On Friday 13th April, UCU members accepted an offer from UUK regarding their pensions and called off all further strike action this academic year in relation to USS Pensions. This means the further strike days planned for the 23rd-27th April will not go ahead, and no other industrial action is currently being considered.
In January, University staff were facing cuts of up to 40% in their pension. Following strike action they have secured a substantial win. The deal shows the effectiveness of trade unions and Industrial Action, but without the understanding and support of students we would certainly be facing further strike action and staff’s pensions would still be in jeopardy. Your teachers and support staff in the UCU are incredibly grateful to students. We will keep you up to date with any further developments as the expert panel (more below) meets.
How an agreement has been reached:
UCU had roundly rejected some piecemeal offers during the 14 day strike and were preparing for further action to disrupt the examination and marking period. As a result of this pressure, UUK made a further and better offer.
The offer that UCU members have now accepted from UUK is a deal that the two parties will establish a panel of appointed experts, 50% appointed by UCU and 50% appointed by UUK, to re-examine the USS pension valuation using new methodologies. UUK have agreed that the 'work of the [expert] group will reflect the clear wish of staff to have a guaranteed pension comparable with current provision’.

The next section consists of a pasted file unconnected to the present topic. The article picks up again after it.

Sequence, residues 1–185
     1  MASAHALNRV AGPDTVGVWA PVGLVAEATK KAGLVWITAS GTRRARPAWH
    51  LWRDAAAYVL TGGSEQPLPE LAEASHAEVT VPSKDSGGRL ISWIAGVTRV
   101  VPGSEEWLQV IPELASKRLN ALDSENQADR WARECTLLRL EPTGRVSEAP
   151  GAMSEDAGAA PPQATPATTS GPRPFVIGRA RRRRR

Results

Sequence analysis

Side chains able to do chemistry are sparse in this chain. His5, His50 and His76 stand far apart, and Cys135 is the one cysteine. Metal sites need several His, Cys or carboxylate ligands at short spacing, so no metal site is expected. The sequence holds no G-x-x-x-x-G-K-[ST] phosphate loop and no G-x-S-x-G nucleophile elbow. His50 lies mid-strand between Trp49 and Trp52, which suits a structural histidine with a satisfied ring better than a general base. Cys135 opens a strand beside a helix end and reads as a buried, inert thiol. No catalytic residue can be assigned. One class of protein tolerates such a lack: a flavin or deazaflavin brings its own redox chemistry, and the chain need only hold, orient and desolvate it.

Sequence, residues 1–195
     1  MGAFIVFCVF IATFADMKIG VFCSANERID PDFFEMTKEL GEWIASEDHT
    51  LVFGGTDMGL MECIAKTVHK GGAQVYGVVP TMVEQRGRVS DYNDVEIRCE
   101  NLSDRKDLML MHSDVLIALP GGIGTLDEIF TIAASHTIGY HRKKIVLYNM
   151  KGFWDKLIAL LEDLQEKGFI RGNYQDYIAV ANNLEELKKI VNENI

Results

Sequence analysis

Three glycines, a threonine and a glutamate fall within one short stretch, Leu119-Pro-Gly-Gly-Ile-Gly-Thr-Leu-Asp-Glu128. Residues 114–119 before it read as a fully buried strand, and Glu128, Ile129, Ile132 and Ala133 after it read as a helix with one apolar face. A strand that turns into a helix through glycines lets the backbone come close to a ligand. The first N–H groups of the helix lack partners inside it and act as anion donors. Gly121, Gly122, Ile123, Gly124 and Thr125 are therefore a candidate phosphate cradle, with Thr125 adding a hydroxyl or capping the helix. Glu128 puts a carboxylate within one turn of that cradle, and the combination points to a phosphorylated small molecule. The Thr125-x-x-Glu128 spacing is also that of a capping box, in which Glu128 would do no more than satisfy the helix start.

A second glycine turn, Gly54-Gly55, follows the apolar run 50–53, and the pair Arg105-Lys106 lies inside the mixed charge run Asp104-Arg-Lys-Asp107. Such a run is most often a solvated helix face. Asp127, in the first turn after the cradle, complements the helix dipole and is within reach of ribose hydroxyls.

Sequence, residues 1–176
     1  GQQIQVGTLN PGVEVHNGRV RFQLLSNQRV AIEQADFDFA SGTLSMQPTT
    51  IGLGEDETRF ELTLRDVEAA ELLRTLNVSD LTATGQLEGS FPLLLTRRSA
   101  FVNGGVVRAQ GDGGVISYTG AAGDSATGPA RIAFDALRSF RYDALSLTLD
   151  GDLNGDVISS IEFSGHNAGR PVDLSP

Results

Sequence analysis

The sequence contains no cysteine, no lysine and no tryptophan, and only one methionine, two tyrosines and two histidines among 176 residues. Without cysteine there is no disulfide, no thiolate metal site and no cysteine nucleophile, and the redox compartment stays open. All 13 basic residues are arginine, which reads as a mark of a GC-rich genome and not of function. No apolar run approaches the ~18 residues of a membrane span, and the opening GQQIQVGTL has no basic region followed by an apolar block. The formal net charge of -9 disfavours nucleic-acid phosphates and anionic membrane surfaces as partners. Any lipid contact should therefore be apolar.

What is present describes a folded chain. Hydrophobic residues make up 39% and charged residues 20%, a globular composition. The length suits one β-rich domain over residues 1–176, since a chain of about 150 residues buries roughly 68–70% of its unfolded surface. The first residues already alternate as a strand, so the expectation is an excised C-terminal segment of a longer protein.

What is a valuation?
Pensions work like this: both the employer and the employee pay money into a pension scheme. This money is then invested to provide interest on the pension pot and increase its value.
As an employee, you are rarely ever paying directly for ‘your pension’ but are paying those of your retired or retiring colleagues, who in-turn have paid for their older generation and so on.
To figure out whether the pension scheme is in deficit, you must examine whether the amount of money being paid in by employer and employees, and the investment returns, is enough to pay the pensions of everybody in it, in let’s say, 50 years’ time. This is called the ‘valuation’.
As a result of people living longer post-retirement, very low interest rates and the volatility of financial markets there is increasing instability in pension schemes. However, the cut in University staff’s pensions was based on a ‘valuation’ of the scheme that assumed that, if every University suddenly went bust tomorrow, and as a result employer contributions stopped, the scheme would be unworkable. This is obviously an absurd assumption to use and UCU consistently argued that this and a range of the other valuation methodologies used were highly pessimistic and politicised. As a result they disputed the proposed cuts to the pension scheme. You can read more here about the complexities of the scheme here.
We are fully aware that your studies and wellbeing have been greatly affected by the industrial action. Today, we have launched a dedicated support UCU - Update offering information on what to do if you have been affected, guidance on getting advice and making complaints to the University.